The gas displacing piston 362 has a longitudinal length sized to fill the expansion cylinder 364 except for the gas expansion space 380. Reciprocal movement of the gas displacing piston 362 along the longitudinal axis of the cylinder 364, over the expansion stroke range cyclically varies the volume of the gas expansion space 380. As described above, the expansion stroke expands the volume of the gas contained with the expansion space 380 to generate cooling power. When the piston movement reverses, during the pre-heating stage of the refrigeration cycle, the volume of the expansion space 380 is decreased and refrigeration gas is expelled from the expansion space and forced to flow into the regenerator module 378 and back toward the gas compression unit.
The second drive coupling is configured as a cable drive, shown in isometric cutaway view in
A tension element, e.g. a flexible cable 606, is fixedly attached to the input coupling 602, such as by a crimping element, and extends therefrom to a gas expansion unit, generally 630, for attaching to the gas displacing piston 362. The cable 606 extends from the input coupling 602 to an attaching element 608 at its output end and may be formed from braided metal wire or from other woven or braided strands. Alternately, the tension element may comprise a single strand wire. The attaching element 608 is fixedly attached to a fluid control module 376 of gas displacing piston 362. The gas displacing unit 630 includes a support base 616 disposed over the open warm end of the gas expansion cylinder 364 and attached to the first tube 370. The support base 616 includes a clevis shaped support element 612 extending therefrom. The support element 612 supports a pulley 610 for rotation with respect to the clevis support element 612 and the cable 606 wraps around the pulley 610 which guides the cable 606 through a substantially 90° bend. The pulley 610 is a disk shaped element formed with an axial bore, not shown, through a center axis and with its circumferential edge being formed with a grooved or other guiding feature 631 for supporting and or guiding the cable 606 over the pulley 610. In addition, the cable 606 may include a wear resistant sleeve 624 wrapped around the cable 606 in the region where the cable is in contact with the pulley 610.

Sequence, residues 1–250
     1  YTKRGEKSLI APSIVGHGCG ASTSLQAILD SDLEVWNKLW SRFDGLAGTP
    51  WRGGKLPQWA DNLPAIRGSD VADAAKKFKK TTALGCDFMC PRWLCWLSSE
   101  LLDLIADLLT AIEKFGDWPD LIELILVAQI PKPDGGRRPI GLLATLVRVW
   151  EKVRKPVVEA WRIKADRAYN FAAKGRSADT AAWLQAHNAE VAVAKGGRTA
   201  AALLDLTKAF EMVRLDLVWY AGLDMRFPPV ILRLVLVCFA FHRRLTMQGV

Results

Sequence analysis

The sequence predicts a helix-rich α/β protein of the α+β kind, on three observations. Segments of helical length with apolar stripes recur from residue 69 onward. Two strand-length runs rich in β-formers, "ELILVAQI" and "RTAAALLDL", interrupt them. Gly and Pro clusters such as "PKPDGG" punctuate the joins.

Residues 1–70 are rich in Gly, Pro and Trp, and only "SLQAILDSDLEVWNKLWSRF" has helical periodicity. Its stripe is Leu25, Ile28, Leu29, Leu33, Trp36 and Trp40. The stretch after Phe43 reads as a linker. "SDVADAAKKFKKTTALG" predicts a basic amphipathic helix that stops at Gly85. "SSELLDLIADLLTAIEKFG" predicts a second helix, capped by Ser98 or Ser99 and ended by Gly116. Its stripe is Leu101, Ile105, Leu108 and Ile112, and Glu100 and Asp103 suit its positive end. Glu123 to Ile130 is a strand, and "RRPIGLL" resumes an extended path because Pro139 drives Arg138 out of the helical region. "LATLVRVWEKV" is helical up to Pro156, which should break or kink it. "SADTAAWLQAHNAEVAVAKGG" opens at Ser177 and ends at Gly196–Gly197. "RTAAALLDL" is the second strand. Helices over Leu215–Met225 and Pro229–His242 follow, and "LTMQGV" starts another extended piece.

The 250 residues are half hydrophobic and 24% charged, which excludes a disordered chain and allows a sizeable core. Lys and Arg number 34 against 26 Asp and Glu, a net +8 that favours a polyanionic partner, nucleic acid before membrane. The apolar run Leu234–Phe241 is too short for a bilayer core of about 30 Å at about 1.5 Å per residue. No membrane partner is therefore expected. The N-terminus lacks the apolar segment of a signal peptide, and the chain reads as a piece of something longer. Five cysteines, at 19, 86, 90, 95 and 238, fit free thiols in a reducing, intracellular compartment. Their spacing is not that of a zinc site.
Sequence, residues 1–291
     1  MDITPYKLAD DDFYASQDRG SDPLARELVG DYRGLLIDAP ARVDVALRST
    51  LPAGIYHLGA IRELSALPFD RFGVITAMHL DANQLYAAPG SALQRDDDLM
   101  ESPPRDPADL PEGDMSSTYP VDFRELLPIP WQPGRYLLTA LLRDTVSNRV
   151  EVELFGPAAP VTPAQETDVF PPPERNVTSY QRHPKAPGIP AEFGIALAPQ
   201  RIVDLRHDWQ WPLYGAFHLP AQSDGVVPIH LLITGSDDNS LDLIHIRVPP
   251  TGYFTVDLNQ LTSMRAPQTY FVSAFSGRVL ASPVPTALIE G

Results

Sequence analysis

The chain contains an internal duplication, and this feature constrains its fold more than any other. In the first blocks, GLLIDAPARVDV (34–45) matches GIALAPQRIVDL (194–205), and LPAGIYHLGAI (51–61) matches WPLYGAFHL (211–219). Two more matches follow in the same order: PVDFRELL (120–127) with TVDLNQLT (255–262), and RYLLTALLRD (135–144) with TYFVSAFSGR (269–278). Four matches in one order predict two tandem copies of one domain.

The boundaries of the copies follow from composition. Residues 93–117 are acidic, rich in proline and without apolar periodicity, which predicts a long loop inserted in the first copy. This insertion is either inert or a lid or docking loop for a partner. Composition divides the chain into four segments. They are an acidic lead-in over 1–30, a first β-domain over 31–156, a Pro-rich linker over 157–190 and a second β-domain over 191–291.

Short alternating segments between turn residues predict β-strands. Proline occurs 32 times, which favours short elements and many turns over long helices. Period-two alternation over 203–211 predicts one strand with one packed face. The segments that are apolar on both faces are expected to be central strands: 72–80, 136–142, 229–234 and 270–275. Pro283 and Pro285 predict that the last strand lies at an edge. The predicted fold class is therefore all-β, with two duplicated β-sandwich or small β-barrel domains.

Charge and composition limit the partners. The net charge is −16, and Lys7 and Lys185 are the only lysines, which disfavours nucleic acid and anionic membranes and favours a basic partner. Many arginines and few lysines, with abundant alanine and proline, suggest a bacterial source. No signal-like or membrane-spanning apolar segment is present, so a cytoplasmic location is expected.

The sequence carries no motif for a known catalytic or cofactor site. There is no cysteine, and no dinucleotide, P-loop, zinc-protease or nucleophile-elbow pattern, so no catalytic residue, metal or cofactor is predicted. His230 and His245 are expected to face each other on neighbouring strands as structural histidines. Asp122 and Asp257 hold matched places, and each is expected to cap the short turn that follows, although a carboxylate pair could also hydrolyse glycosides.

The clevis shaped pulley support 612 includes opposing clevis elements that extend up from the support base 616 and capture the pulley 610 there between. A pin 618 extends through each of the clevis elements and through the axial pulley bore to provide a rotation axis for the pulley 610 and the pulley rotates in response to longitudinal movement of the cable 606. The pin 618 is fixedly attached to one of the clevis elements, e.g. by a threaded engagement. Alternately, the pulley may be non-rotatably supported with respect to the clevis support 612 such that the cable slides over the circumference of the pulley 610. The support base 616 is a disk shaped element that includes a center aperture 618 passing there through for providing access for the cable 606 to enter into the gas expansion cylinder 364.
The attaching element 608 is fixedly attached to the fluid control module 376 and to the cable 606. A compression spring 622 installs between the fluid control module 376 and the support base 616. The fluid control module 376 includes an axial bore 632 formed to receive the attaching member 608 and the spring 622 therein. The spring 622 surrounds the attaching member 608 and is captured in the axial bore 632. The spring 622 provides a compression force that nominally biases the position of the gas displacing piston 362 toward the end cap 374. Thus the spring 622 forces the gas displacing piston to its top end position indicated as 85 in
In operation, rotation of the motor rotor 324 causes the second mounting feature 340 and the input coupling 602 to traverse the second eccentric path around the motor rotation axis 328. Each rotation of the motor shaft 320 causes the fourth longitudinal axis 342 to traverse the second eccentric path around the motor rotation axis 328. Accordingly, the input coupling 602 and the input end of the cable 606 follows the second eccentric path.
The second eccentric path may be divided into two perpendicular components of linear translation, which in the case of the second eccentric path comprise a component of linear translation along the Y-axis and a perpendicular component of linear motion along the Z-axis. The Y-axis motion alternately varies the tension on the cable 606 along its longitudinal axis. The Z-axis component of linear motion merely bends the cable about a pivot axis located where the cable meets the pulley 610.
As the tension generated in the cable 606 along its longitudinal axis is varied, the cable pulls on the attaching element 608. When the amplitude of the cable tension is below the biasing force applied by the compression spring 622 the gas displacing piston remains biased at it top end position 85 in
As is further realizable from